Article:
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Letter to BS: Implementation holds the key to the new telecom policy

Public private partnerships (PPPs) are, of course, necessary to get in the additional 100 billion dollars of investment, but having said that, there must be clear ground rules to make PPPs a success

Business Standard 

Apropos your lead editorial “Redialling reform” (May 18), the very title says it all: how critical it is to “drag the out of its current swamp”, as you beautifully sum up the issue in the concluding paragraph. It just has to be done; period.

To say that “the draft National Digital Communications Policy lays out an ambitious vision” is an understatement. It sounds more like a dream; but then, to achieve big goals one has to dream big. The targets that have been set cover all domains within the sector and if we can translate these into reality by 2022 we would have set an enviable implementation record for all ministries to emulate.

Looking at the ground realities of actual achievement vis-a-vis the goals set forth in the “far-sighted 2012 Telecom Policy” one thing is crystal clear: the ball is in the government’s court. The main villains of the piece are clearly (a) spectrum release optimisation and its pricing and (b) the snail’s pace movement of the Telecom Regulatory Authority of India’s (Trai) recommendations. I don’t think the government can -- or should -- do much to end the “price war” in the sector. We are committed to a "market economy model of growth" and can’t stop someone from offering lower prices. Don’t the Amazons and Alibabas of the world do that all the time? To that end, we can’t even ban the entry of new players; yes we must absolutely make sure that there is a level playing field for all — new and old.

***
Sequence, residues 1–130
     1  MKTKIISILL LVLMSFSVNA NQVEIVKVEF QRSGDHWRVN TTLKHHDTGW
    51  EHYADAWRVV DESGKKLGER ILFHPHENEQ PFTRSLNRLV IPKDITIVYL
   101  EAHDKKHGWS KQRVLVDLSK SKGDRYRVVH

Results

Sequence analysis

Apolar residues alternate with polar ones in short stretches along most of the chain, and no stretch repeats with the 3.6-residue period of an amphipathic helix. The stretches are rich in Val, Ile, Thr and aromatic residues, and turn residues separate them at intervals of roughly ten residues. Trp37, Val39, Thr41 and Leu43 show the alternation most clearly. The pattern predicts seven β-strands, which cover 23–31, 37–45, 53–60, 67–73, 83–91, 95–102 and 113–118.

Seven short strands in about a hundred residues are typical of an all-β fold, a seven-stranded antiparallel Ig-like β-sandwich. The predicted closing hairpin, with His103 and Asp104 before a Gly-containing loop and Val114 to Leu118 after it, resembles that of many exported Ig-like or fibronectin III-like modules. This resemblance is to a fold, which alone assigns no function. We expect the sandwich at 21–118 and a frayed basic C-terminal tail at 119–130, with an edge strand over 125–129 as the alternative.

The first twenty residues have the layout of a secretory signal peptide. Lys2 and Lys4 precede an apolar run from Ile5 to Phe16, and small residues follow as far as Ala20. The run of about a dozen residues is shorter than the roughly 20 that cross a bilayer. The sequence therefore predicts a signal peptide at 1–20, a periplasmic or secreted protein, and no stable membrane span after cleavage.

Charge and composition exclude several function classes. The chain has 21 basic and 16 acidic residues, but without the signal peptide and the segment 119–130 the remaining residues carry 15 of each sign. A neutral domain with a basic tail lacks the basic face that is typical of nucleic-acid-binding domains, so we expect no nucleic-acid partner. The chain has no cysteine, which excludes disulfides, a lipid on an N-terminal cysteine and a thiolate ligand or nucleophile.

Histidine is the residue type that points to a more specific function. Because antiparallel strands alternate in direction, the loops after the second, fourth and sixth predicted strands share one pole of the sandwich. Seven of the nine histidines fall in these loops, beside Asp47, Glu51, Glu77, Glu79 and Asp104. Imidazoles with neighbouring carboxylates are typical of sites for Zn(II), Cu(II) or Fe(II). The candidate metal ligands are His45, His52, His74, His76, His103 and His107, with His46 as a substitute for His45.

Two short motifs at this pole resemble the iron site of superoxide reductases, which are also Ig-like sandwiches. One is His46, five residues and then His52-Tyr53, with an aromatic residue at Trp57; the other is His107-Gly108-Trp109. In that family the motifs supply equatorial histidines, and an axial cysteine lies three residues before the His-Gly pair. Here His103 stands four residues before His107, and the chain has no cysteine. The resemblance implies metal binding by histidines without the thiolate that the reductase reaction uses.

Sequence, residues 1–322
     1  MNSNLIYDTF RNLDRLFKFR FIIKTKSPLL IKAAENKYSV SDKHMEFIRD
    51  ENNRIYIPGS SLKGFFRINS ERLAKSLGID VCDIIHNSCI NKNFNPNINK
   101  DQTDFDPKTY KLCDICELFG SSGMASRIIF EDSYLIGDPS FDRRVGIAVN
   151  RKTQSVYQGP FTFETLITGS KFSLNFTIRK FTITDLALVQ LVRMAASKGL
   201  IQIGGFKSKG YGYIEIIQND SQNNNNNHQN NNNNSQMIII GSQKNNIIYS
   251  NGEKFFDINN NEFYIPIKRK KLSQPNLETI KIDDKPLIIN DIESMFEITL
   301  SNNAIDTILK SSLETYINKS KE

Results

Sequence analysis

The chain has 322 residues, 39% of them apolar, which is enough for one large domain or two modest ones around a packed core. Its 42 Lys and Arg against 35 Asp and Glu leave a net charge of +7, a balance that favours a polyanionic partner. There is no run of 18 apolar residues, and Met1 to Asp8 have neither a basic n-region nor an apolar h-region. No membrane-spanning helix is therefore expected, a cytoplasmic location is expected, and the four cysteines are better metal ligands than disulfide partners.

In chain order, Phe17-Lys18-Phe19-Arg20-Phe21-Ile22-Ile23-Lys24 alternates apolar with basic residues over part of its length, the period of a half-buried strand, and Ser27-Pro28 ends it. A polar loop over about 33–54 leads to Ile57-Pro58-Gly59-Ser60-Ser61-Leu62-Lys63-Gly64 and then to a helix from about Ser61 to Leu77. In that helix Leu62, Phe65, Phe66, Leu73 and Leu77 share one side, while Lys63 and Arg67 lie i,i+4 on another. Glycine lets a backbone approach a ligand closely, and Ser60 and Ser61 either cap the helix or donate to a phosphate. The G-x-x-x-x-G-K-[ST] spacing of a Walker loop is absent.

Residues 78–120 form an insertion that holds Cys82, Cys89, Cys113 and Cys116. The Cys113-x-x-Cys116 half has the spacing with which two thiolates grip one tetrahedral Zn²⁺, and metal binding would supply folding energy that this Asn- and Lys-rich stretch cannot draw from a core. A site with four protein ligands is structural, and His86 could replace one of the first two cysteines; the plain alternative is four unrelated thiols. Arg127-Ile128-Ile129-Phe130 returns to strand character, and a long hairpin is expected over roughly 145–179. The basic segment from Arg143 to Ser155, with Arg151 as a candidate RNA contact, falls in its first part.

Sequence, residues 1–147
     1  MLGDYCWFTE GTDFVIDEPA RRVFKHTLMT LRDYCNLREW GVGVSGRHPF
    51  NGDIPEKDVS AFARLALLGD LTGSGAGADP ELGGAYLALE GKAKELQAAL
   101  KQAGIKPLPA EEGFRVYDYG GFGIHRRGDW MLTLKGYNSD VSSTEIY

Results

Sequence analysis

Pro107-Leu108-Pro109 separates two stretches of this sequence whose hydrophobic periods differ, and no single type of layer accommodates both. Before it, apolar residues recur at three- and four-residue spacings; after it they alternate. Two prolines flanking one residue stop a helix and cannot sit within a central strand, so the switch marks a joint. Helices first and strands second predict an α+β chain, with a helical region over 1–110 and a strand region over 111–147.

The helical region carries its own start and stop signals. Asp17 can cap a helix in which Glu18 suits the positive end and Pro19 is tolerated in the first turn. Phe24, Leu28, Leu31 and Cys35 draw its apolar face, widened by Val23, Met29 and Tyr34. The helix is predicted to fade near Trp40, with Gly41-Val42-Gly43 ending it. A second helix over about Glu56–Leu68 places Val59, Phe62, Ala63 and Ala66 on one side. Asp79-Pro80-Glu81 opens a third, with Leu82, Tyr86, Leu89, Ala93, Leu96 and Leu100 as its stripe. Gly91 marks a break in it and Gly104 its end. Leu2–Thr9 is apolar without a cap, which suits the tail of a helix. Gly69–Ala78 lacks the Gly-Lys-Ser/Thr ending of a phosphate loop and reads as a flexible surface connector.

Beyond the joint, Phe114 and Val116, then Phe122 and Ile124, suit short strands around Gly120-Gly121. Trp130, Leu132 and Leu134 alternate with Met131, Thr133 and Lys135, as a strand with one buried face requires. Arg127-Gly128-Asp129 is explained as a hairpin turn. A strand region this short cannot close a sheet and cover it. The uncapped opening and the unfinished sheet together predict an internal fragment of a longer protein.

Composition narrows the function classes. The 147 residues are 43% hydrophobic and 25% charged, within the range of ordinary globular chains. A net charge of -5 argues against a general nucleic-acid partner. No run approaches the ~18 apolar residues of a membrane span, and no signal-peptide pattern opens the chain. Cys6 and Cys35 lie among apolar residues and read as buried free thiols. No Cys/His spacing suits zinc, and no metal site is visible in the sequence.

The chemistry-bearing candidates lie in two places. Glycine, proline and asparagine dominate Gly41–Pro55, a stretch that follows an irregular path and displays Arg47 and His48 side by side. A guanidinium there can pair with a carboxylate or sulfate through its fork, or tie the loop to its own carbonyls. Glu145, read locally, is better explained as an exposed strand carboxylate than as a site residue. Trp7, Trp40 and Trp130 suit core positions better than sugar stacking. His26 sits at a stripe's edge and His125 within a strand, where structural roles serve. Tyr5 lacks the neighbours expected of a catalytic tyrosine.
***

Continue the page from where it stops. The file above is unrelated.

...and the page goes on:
(PPPs) are, of course, necessary to get in the additional 100 billion dollars of investment, but having said that, there must be clear ground rules to make PPPs a success. Let the government confine its ambit to (a) rational spectrum release, allocation and pricing; (b) provision of land required for towers, laying of fibre optics and other infrastructure; (c) data security etc, giving a free hand to the private operators to handle all operational and pricing issues. They are all — Indian and foreign — a mature lot by now and, in any case, we have an excellent regulatory mechanism in Trai. God willing, we will succeed in realising our dreams.

Krishan Kalra Gurugram

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First Published: Mon, May 21 2018. 00:22 IST
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